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Friday, October 13, 2000

Local young volunteers
achieve national honors

By Pat Gee

Aubrie Weedling has been volunteering to help others for half of her young life.

At age 7, she started visiting the elderly with a friend, but continued helping others on her own in Indiana.

Since moving to Hawaii two years ago, Weedling, now 14, has been cooking and serving food to the homeless and handing out food at the Hawaii Foodbank.

She is one of two volunteers honored with the national Prudential Spirit of Community Awards for being Hawaii's top youth volunteers for 2000.

Nakamura The other is Leanne Nakamura, who organized the cleanup of seven truckloads of fish nets at Kualoa Beach. Each girl won $1,000, a silver medallion and a trip to Washington, D.C., for the awards presentation earlier this year.

Weedling works at the food bank once a week, bagging, shelving and handing out food, and at the Institute for Human Services at least once a month.

The experience has made her feel "lucky about what I have. Every time I go to the food bank or IHS, you listen to the people tell you about themselves and you have to be so grateful for everything you have," Weedling said.

When she first went down to IHS, she was surprised to find that many homeless "look like everyone else that walks down the street. The people are trying to work, they just can't afford to buy homes.

"Or maybe they made a mistake -- getting pregnant too early in their lives, or they ran away from home," she said.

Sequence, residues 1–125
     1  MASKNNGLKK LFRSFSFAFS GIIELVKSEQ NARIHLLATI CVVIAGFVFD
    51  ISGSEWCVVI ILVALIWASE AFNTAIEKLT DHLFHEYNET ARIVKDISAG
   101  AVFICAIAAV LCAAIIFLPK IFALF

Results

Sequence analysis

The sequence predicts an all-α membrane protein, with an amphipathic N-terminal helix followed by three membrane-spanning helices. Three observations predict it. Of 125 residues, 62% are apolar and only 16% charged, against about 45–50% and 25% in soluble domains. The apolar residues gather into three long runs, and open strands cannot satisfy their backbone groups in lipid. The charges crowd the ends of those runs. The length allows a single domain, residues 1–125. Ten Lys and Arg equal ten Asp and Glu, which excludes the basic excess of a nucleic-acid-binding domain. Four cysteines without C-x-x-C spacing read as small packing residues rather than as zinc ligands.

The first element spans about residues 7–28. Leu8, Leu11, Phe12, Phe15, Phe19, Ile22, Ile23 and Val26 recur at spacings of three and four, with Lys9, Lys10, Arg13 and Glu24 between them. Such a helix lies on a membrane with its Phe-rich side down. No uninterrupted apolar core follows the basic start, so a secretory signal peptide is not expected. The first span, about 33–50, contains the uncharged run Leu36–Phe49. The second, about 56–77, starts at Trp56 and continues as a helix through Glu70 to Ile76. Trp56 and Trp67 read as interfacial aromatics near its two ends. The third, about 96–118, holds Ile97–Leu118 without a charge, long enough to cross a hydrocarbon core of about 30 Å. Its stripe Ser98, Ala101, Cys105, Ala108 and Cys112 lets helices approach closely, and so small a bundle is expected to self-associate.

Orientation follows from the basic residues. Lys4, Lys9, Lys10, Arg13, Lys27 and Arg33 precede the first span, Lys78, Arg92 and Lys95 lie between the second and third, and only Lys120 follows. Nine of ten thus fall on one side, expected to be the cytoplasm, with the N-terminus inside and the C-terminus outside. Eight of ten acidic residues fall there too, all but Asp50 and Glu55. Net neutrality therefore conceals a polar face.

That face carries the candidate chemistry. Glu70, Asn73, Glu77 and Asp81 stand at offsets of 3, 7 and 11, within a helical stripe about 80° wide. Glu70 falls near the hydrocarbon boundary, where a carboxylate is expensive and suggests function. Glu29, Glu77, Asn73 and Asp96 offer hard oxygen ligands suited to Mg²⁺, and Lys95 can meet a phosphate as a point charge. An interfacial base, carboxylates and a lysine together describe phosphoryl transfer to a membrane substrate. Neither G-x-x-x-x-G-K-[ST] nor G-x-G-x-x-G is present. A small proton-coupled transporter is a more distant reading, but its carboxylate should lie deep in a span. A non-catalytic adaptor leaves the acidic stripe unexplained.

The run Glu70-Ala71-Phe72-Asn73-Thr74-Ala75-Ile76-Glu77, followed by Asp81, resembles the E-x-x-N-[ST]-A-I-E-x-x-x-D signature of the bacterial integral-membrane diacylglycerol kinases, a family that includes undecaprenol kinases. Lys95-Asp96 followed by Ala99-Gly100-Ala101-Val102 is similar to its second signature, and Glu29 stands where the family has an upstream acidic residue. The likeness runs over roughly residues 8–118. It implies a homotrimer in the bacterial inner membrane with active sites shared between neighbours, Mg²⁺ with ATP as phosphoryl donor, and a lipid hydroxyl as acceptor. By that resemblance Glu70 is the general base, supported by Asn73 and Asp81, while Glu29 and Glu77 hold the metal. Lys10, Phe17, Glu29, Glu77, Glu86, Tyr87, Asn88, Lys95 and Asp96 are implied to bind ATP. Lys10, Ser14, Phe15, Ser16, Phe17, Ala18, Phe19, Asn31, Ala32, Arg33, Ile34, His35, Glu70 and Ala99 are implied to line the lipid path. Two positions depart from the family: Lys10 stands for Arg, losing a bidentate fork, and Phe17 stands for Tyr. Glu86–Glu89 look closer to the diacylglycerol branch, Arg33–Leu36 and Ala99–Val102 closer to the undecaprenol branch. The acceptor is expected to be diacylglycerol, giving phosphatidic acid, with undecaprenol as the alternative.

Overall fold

Her parents are supportive about her volunteer work and raised her to have compassion for others, Weedling said. She thinks she won the award for her attitude about her work more than anything else.

She was nominated for the award while attending Moanalua Middle School as an eighth-grader.

Nakamura, an 18-year-old University of Hawaii freshman, started working with youth in Summer Fun as a junior leader at the age of 11, and has done a number of highway and beach cleanups.

Nakamura plans to "try everything at least once -- like being a one-term legislator, so people can't bribe me with votes."

Until then, she is going to be just "a professional student" who is interested in preserving Hawaii as a beautiful paradise, she said.

Nakamura and her friends organized a group called "Student Action and Values for the Environment" about a year ago because they wanted to start their own cleanup of Kualoa without having adults tell them what to do. They learned how to gather enough sponsors to help them remove three tons of nets, rubbish and ropes, she said.

Her aim is to get volunteer help from impressionable middle-school students who have too much time on their hands to hang out at the mall or get into trouble smoking or doing drugs, she said.

"This would be a great time for them to start thinking of their community," said Nakamura, who thinks the worst environmental blight is the Ala Wai Canal.

She loves doing community service because "it opens the doors to a lot of things. It feels good -- you know you're making a difference. And it's a lot of fun."

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